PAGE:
Our CEO at Northwell was one of the first health-care CEOs to take a stance on gun violence. It really reverberated. That led to the establishment for the Center For Gun Violence Prevention. Our goal at the center is to mobilize the health-care sector as a whole.
Your screening approach to gun violence is modelled after an earlier initiative at Northwell to address substance abuse. Why do you think a similar approach would work here?
The program for substance use really prides itself on asking everybody about substance use. The whole idea is that if you ask everyone, you avoid stigmatization. You make the conversation very normal and just part of the usual care that everybody gets as part of their hospital visit.
You could imagine asking targeted folks about substance use. It might come off as judgmental and it also makes physicians reluctant to do so. But if you make it part of the workflow, part of the routine visit, it's a pretty big movement.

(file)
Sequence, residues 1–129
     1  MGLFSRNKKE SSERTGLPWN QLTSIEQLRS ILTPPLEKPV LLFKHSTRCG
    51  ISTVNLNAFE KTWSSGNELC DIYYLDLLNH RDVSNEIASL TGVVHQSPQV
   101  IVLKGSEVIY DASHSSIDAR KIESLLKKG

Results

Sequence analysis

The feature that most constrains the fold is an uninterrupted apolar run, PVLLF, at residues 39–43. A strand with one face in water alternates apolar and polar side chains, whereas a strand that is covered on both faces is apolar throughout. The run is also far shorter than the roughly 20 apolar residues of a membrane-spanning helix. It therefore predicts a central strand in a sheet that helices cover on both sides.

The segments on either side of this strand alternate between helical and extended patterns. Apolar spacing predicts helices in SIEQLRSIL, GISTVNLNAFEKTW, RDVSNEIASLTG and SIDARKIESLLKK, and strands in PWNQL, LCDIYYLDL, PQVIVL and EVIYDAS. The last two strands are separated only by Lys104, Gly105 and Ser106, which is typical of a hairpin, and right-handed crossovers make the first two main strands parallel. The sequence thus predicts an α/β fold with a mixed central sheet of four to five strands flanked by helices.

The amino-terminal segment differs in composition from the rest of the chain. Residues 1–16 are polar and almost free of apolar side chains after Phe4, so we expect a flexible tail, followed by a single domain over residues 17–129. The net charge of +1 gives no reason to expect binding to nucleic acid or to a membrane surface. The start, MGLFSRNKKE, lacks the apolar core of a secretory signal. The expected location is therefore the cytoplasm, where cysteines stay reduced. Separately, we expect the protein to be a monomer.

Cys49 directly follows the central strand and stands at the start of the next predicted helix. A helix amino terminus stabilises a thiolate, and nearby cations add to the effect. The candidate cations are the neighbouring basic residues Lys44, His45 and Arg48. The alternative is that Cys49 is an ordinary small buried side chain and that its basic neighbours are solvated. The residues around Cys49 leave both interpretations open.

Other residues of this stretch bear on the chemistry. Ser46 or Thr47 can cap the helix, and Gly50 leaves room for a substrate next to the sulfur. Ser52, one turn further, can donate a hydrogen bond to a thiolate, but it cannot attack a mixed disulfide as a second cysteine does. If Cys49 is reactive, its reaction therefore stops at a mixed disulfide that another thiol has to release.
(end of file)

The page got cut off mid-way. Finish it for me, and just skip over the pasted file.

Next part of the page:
Basically. this has never been done with respect to firearms in Canada, the U.S. or anywhere in the world. This is why we approached the NIH with this project and this is the thing they were most excited about: We are going to implement a universal, we-ask-everyone approach to firearm safety. We're going to ask every patient who comes into the emergency department questions around firearm access and gun violence risk.
We have a score that has been validated that will be integrated into the electronic health record. And so every patient will be asked, and our hope is that it will yield a ton of data that we've never had because of the Dickey Amendment [the 1996 rule passed by Congress that was interpreted as barring gun violence research].
It'll provide a wealth of data, but it will also normalize the conversation between physicians and patients about guns because in Canada and the U.S. very few physicians actually ask.
Why are doctors often reluctant to talk to their patients about guns?
There are multitude of factors – this has kind of been studied.